Battle of Waterloo
A study shows an Indonesian volcano eruption partly contributed to Napoleon's defeat in the Battle of Waterloo. Pictured, a painting showing Napoleon Bonaparte leading the final assault by his Imperial Guard at the Battle of Waterloo during the Napoleonic War of the Seventh Coalition on June 18, 1815, at Waterloo, Belgium. Hulton Archive/Getty Images

Over two centuries ago, the French army under the command of Emperor Napoleon Bonaparte was defeated by a British-led Allied army. The events of the famous Battle of Waterloo changed the course of European history, but if a new study is anything to go by, a natural calamity also contributed to Napoleon’s loss.

Historians have long suggested that rains and muddy conditions at the battlefield helped the Allied army defeat the French. But, the cause of these conditions, according to the study, was a volcano that erupted two months before the battle took place on June 18, 1815.

The thunderous eruption of Mount Tambora, located in the northern part of Indonesia’s Sumbawa island, ejected huge amounts of volcanic matter and killed nearly 100,000 people. It was so powerful that Earth witnessed a year without summer in 1816.

Most of the climatic changes occurring during this period are attributed to the volcanic ash and dust that rose into the sky, and researchers from Imperial College London believe the same factors created the rainy and muddy conditions contributing to Napoleon’s defeat.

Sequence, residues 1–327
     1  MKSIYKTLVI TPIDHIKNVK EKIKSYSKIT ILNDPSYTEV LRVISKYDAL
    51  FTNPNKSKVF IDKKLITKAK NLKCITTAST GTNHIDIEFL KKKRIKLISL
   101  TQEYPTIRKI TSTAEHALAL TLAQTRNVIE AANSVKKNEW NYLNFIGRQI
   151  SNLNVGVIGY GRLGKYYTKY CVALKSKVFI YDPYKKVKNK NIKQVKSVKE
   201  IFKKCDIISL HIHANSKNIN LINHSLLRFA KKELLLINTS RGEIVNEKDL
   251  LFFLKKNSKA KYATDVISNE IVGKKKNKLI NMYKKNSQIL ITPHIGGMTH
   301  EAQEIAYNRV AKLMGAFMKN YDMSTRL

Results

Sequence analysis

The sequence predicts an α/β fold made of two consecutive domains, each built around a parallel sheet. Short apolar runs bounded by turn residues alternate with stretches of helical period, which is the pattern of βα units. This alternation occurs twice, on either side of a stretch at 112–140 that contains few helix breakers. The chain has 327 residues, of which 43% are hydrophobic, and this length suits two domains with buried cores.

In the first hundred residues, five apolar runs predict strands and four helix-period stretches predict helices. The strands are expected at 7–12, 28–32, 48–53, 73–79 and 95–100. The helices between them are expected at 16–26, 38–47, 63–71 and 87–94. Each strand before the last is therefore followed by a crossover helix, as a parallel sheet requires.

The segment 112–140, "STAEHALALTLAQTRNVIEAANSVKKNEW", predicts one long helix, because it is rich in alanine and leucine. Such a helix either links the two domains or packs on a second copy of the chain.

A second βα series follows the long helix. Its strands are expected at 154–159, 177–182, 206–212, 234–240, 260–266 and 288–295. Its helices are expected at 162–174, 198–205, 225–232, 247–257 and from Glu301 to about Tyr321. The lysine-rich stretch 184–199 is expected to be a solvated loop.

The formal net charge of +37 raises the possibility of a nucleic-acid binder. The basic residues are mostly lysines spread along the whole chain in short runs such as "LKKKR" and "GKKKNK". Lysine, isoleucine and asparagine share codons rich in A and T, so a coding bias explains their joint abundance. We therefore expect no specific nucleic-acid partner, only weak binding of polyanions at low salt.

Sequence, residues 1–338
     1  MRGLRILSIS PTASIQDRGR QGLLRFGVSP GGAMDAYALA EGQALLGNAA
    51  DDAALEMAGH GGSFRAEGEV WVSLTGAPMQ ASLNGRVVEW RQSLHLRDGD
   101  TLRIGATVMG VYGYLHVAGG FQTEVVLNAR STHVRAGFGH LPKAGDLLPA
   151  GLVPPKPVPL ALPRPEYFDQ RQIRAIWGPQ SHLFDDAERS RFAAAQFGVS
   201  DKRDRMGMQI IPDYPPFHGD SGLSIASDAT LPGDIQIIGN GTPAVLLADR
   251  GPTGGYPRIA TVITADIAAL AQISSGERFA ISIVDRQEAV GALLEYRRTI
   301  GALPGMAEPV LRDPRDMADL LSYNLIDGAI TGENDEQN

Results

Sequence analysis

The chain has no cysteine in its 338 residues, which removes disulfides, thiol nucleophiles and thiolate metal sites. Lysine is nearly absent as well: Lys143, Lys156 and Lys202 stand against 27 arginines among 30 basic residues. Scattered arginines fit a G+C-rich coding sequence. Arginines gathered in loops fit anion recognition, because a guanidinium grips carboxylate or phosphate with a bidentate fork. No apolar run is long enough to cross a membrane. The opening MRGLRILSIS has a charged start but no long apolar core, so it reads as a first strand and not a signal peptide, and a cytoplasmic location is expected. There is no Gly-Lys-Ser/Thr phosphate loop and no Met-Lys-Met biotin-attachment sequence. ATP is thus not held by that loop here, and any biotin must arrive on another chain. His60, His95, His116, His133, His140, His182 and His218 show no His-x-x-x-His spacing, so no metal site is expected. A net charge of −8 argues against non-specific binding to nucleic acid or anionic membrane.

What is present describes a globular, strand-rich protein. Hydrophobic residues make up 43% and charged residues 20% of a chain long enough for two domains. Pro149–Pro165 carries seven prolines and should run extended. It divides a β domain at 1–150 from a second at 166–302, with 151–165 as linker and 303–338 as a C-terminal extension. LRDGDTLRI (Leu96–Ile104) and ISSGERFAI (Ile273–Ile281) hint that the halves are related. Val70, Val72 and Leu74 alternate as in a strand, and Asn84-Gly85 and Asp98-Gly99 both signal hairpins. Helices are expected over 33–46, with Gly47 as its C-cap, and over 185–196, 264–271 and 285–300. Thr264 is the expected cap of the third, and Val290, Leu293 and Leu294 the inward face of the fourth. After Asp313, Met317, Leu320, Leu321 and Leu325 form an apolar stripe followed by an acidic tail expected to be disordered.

They ran a series of experiments and found that electrostatic forces can hurl huge plumes of volcanic ash 62 miles up into the atmosphere, much higher than previously thought. At such levels, electrically charged volcanic ash could easily ‘short circuit’ the electric current of the ionosphere, forming a cloud cover big enough to make it rain heavily across Europe.

“Previously, geologists thought that volcanic ash gets trapped in the lower atmosphere because volcanic plumes rise buoyantly,” Matthew Genge, the lead author of the study, said in a statement. “My research, however, shows that ash can be shot into the upper atmosphere by electrical forces."

To prove this theory, Genge and his team ran a series of simulations aimed at witnessing the behavior of charged volcanic ash, essentially how far it could levitate. The work revealed that charged particles smaller than 0.2 millionths of a meter could go into the ionosphere.

"Volcanic plumes and ash both can have negative electrical charges and thus the plume repels the ash, propelling it high in the atmosphere,” Genge added. “The effect works very much like the way two magnets are pushed away from each other if their poles match."

As weather records for the year 1815 are scant, the researchers verified the finding by taking another volcanic eruption into account – the explosion of Krakatoa caldera in 1883 and Mount Pinatubo in 1991.

The rainfall data and shining cloud formation in the wake of these volcanoes indicated the impact of charged volcanic ash rising into the ionosphere. The researchers believe gaining more insight into these rare, luminous clouds could be the key to confirm the theory.

The study titled “Electrostatic levitation of volcanic ash into the ionosphere and its abrupt effect on climate” was published Aug. 21 in the journal Geology.